Negotiations about the federal debt limit loom large in the foreground of U.S. politics. The next big event on the horizon is the series of Republican presidential primaries, leading up to the 2012 general election.
In Colorado, two groups are gathering signatures for ballot initiatives: one to legalize recreational marijuana use, and the other to repeal the 2006 amendment to the Colorado constitution that banned same-sex marriage. Both efforts demonstrate what a mess the state constitution has become.
Must every political twitch in Colorado require a constitutional amendment? In many cases, the answer is yes because some previous twitch was enshrined in the constitution.
Issues of fundamental rights do belong in that document. Whether it makes sense to for a popular vote to decide the future of marriage among consenting adults, right now states do issue marriage licenses, and the Colorado constitution currently specifies the limits. Although the recent history of marriage rights in the United States is a litany of fits and starts, the trajectory is fairly clear: The list of states that allows same-sex marriage is growing, and Colorado is not very likely to join that list next year. The question probably will appear on the ballot several more times before eventually passing. The issue of marijuana never belonged in the constitution, Prohibition the 18th Amendment, repealed by the 21st didnt belong in the U.S. Constitution either, and it aided traffickers far more than it contributed to temperance.
Still, voting on legalizing marijuana in Colorado seems like a good idea, despite the fact that the state cant accomplish legalization as long as the federal government still considers marijuana illegal.
What such a vote would accomplish is to give Coloradans an opportunity to speak out, collectively (if tangentially), about the medical marijuana mess.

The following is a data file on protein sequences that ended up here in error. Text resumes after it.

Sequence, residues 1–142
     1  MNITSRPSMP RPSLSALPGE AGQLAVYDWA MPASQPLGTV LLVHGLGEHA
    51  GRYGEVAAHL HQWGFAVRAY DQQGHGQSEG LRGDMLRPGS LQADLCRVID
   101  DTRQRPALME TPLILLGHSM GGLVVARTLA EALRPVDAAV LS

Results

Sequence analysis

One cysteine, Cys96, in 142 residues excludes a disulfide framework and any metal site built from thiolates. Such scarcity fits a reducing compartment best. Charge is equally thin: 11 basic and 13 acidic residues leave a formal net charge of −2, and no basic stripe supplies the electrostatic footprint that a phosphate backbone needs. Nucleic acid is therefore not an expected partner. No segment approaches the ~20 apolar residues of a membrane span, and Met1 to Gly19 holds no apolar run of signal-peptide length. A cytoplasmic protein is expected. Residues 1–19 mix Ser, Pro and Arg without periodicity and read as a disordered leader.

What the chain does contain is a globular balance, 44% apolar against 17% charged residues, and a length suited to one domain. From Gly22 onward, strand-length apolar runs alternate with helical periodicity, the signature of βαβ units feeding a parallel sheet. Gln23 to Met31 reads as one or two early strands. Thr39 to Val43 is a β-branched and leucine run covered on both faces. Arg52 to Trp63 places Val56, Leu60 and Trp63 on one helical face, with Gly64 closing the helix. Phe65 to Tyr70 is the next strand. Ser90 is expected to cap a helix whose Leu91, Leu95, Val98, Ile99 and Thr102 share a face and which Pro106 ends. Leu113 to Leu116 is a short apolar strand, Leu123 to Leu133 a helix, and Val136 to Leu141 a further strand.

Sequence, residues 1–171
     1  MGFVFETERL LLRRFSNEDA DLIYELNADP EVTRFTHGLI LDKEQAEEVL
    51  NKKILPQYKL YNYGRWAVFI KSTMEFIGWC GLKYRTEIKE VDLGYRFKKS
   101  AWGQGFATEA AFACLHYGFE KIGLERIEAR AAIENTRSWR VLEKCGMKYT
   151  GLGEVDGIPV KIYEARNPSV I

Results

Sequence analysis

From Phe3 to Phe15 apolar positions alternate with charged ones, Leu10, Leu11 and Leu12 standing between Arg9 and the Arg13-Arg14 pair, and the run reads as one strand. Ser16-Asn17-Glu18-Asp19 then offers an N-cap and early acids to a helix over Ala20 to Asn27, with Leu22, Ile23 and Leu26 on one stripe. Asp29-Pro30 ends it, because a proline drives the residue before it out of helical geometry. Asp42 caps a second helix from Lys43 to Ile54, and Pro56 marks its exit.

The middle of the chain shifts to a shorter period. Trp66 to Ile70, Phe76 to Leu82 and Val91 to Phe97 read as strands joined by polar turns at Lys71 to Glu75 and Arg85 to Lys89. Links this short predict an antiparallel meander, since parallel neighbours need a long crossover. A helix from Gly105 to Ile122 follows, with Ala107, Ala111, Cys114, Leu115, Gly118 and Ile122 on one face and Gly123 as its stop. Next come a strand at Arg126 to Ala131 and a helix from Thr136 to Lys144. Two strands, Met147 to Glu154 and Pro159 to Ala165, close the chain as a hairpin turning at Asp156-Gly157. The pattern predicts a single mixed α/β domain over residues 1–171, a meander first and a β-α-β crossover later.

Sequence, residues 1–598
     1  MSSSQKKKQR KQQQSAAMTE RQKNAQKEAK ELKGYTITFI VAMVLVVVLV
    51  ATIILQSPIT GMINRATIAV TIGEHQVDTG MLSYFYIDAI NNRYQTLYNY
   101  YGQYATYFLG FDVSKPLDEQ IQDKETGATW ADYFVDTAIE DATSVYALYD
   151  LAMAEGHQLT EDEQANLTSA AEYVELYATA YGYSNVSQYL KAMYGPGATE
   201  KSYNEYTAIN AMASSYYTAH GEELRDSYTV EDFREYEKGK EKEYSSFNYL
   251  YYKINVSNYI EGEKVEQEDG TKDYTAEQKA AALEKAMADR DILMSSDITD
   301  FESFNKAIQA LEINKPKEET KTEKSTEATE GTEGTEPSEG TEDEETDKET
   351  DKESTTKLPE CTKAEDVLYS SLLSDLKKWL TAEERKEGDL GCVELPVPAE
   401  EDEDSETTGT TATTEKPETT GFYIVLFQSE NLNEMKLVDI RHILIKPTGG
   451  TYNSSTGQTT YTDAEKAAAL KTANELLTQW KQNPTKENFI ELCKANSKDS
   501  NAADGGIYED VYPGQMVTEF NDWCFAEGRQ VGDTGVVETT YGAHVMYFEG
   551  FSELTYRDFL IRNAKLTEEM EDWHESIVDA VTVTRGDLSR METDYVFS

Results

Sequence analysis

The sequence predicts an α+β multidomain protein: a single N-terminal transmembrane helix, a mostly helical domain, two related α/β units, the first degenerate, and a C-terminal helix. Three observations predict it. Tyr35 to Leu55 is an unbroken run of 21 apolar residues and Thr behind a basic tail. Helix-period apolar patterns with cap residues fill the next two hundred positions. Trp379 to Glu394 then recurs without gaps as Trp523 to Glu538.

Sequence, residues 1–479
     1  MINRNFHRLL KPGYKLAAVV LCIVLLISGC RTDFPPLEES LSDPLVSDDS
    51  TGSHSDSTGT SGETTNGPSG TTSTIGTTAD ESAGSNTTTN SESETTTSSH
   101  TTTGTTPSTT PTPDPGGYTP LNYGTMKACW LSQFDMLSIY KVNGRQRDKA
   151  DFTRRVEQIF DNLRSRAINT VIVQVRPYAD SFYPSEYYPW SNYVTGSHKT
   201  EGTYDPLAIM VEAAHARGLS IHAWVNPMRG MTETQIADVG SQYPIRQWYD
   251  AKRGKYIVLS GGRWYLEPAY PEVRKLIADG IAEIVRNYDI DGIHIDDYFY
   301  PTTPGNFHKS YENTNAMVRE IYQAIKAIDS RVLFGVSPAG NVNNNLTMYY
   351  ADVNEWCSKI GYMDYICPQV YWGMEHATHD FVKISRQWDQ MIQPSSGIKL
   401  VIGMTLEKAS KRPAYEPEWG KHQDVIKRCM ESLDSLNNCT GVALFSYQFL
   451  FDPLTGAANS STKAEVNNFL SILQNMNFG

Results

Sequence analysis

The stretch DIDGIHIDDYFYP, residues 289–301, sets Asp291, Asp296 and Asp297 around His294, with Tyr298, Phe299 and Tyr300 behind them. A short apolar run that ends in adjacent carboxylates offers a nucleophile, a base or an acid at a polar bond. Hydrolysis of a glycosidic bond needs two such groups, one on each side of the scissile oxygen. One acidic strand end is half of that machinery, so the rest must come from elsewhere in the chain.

Voters rightly approved the use of marijuana to treat certain serious conditions that did not respond to other drugs. They didnt intend medical marijuana cards to be get-out-of-jail-free cards. They thought they were passing a law to help patients with cancer, glaucoma, and a limited list of other ailments. What they got, instead, was a mechanism that also enabled (and, incidentally, taxed), the recreational use of marijuana by hundreds of thousands of patients and recreational marijuana what the proposed 2012 ballot question would allow them to vote on.
If a majority of Coloradans think pot is just fine, they can say so, and then the state attorney general can begin to negotiate with the federal government on the issue. But if most voters disapprove (as they did in 2006), state legislators should begin thinking about what that means for the structures theyve built to regulate medical marijuana.
Whatever decision voters make on same-sex marriage and recreational marijuana, they ought to spend a few moments pondering the state constitution. Conflicting amendments have backed the state into a very tight budgetary corner. They have been used to limit civil rights (and, in the case of the 1992 anti-gay-rights amendment, been declared unconstitutional).
Right now, many Coloradans sat they want smaller government. A good way to move in that direction would be to be very, very thoughtful about what voters ask the government to ban or facilitate.
For a few years, at least, citizens need to base their votes not only on their personal opinions of each proposal, but also on the shape of government that the whole mass of special-interest bills might create.